Mumsnet has not checked the qualifications of anyone posting here. If you need help urgently, please see our domestic violence webguide and/or relationships webguide, which can point you to expert advice and support.
ARGH. Could those of you with narcissistic mothers come over here for a moment please?(14 Posts)
I'd like you to tell me whether my M's response is par for the course or whether it's due to her own uniquely lovely personality.
I've had problems dealing with her for forever - in our family unit and the extended family unit she is generally seen as hard work, to say the very least. Completely lacking in empathy, a total bitch if you don't meet her standards but nice as pie to anyone she respects/fears, socially awkward when it comes to anything other than polite small talk with people you don't really know. I could go on.
A few years ago she had what I can only describe as a moment of clarity, where she finally acknowledged that she'd been a 'terrible mother' to me and DSis (apparently my dad finally told her this). Several years of
seeming remorse have followed, although she has never given any actual explanation for her actions. We've pressed her for such and she just looks sad and cries. She seemed to expect us to just accept the histrionics and suddenly discover we loved and needed her. She was rather discomfited when we made it clear that wasn't going to happen.
So we've been moseying on, with her growing decreasingly crawly and increasingly pissed off that we don't show her the respect she thinks she has somehow earnt. I suspect she had her fit of remorse because she realised we'd never talk to her again otherwise. I now have two DSs and she adores them - they are her world, even though she lives several hours away. I mainly stay in touch with her because it would upset my dad if I didn't and because I'm not heartless enough to take away the one thing (well, two) that she seems to care about in the world. Anyway, that's the background.
The more recent history is that she's been diagnosed with breast cancer and is now awaiting a mastectomy. I do have sympathy for her on this score as it's a frightening thing to go through (no personal experience) and have been trying to support her whilst also not caving in to her 'Look after MEEE' guilt trips.
There are a couple of things she's said which have upset me recently. When she was first diagnosed and told me, I tried my best to be supportive and positive (TBH I wasn't that upset, more unsettled by the news). She then said 'I thought you'd tell me that you told me so.' This is wrt her life-long smoking habit which I openly disapprove of. I thought it was a somewhat unpleasant thing to say but dismissed it as her general oddness. I must admit I thought it, but would never say it - I'm not THAT much of a bitch.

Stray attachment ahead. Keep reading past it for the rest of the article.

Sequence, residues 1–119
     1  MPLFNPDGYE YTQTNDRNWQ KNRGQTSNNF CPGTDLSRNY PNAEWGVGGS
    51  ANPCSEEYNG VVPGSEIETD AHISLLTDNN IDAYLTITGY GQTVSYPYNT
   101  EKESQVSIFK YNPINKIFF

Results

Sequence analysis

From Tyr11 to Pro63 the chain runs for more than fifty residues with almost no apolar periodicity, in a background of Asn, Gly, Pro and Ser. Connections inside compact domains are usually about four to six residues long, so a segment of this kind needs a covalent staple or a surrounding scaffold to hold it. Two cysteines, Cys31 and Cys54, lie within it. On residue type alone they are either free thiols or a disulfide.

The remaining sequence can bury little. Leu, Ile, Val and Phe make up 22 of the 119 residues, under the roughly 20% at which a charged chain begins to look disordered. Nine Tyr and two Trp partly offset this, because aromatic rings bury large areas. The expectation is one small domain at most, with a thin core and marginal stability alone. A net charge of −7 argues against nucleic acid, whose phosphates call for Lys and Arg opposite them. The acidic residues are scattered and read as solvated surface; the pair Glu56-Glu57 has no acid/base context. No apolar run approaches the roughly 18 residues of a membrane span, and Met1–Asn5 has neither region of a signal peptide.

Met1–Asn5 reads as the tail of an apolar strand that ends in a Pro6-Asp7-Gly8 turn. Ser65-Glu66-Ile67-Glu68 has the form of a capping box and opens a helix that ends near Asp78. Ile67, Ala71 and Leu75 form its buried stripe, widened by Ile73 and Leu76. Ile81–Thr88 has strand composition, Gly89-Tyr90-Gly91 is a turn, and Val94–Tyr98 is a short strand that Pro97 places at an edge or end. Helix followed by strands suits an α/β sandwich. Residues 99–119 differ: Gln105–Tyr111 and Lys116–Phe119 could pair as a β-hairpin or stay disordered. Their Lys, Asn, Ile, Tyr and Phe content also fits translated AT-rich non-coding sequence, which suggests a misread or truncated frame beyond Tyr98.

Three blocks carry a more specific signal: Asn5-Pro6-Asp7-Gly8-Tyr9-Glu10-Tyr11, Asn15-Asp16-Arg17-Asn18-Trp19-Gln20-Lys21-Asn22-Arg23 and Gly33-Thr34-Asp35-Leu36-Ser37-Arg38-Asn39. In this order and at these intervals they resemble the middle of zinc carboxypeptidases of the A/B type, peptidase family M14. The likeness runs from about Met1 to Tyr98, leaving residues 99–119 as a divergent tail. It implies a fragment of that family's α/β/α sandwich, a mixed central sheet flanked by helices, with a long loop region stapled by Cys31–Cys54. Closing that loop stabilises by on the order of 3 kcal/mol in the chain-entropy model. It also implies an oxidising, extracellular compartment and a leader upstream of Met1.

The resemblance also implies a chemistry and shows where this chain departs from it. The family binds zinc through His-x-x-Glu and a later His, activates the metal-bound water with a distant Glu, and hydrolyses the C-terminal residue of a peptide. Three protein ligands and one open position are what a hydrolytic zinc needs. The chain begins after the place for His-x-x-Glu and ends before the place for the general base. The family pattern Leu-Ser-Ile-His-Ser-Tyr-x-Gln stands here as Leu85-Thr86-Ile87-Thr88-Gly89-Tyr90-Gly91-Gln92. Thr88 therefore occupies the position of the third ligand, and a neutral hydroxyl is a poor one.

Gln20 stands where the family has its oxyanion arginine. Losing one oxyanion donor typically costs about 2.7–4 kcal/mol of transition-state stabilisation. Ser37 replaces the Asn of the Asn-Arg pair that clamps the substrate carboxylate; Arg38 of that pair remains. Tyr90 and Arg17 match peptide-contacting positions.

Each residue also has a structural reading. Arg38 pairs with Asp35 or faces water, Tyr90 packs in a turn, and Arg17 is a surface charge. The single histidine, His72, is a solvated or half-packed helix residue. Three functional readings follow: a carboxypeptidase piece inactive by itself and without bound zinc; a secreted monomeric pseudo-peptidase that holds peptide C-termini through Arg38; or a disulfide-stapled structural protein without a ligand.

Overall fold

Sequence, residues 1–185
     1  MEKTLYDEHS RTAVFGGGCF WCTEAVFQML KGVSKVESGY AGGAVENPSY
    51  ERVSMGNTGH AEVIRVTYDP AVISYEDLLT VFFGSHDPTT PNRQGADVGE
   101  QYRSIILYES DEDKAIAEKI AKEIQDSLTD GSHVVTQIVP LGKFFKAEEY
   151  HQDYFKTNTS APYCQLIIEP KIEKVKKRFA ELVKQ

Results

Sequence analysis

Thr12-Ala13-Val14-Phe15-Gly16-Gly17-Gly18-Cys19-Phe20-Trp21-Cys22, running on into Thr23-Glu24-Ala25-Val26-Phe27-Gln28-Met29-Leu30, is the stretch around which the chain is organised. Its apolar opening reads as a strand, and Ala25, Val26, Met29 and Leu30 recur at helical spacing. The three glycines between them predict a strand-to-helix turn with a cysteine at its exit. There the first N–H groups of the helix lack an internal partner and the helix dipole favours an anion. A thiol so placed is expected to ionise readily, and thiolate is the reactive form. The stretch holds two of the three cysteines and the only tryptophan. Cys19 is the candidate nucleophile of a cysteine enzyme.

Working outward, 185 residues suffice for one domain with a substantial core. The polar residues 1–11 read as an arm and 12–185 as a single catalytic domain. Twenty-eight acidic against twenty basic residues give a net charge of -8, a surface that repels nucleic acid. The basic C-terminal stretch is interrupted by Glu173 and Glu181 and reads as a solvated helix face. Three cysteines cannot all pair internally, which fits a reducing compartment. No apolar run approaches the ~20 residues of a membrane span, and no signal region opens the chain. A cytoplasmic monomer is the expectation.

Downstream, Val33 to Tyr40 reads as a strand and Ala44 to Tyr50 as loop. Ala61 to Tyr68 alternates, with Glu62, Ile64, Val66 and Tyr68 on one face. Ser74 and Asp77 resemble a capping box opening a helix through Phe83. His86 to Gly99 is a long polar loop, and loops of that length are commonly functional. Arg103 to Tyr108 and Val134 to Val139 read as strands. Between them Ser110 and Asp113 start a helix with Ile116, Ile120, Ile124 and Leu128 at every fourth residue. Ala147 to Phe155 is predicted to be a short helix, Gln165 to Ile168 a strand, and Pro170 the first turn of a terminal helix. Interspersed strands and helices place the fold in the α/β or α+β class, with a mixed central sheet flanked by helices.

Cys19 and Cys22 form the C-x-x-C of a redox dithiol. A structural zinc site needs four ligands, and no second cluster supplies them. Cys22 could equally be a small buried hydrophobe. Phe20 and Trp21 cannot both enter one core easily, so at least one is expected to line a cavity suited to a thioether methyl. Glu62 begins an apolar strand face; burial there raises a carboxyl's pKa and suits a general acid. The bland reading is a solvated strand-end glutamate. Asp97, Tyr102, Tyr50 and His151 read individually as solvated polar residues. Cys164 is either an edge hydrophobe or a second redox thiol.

The second one was last night. My dad told me that she told him (sorry, convoluted) that I don't call her enough (she's alone and lonely in another county) and that I was doing it on purpose as payback for our hateful childhood. Now that does hurt. Firstly, I don't think about her enough to want to do such a thing. Secondly, I called her 3 days ago FFS. And thirdly, does she really think that little of me? Does she really think I am that shitty a person?
DH has suggested that it's what she would do if the tables were turned and that I shouldn't take it as a personal criticism. What do you all think? Have any of your mothers ever attributed horrible untrue behaviour to you?
Sorry it's so long, didn't want to drip-feed.
She is judging by her own standards. It sounds like you are doing a good job of keeping a relationship going while also maintaining very clear boundaries.
Your father sounds like a stirrer to me, there was no need fir him to tell you what she said.
As for the cancer, it sucks that she has got it but it does look like she is having to reap what she has sown, in regards to the smoking and the relationship with you.
Well, to your initial question it seems par for the course for her, not for other, more ordinary, mothers. I won't say 'normal' because she's your normal, unfortunately.
Do you post on the We Took You To Stately Homes thread?
I have come to that conclusion about my dad myself maggie!
I have posted on Stately Homes once or twice but I think that was a while back, kali. I have lurked on it a bit though - sometimes it's nice (well not nice but YKWIM) to see other people who understand that crazy people like this exist.
onlywantsone - I might be! Depends what country you're in
I'm glad you mostly think it's her projecting. I don't know why this has upset me so much. I just don't want my mum to think of me as a horrible person I suppose, even though rationally I know her opinion is not.... erm, rational. Also I have examined my own motives and come to the conclusion that I didn't do what she's accusing me of.
I'm now slightly miffed about the fact that I prepared a nice Mother's Day/Grandmother's Day card for her with handprints from my kids and parcelled it all up ready to go, then got a passive-aggressive earful from her about how I don't call often enough. I'm apprehensive that my nice gesture will now be taken as an indication of guilt, even though I just did it to be NICE FFS.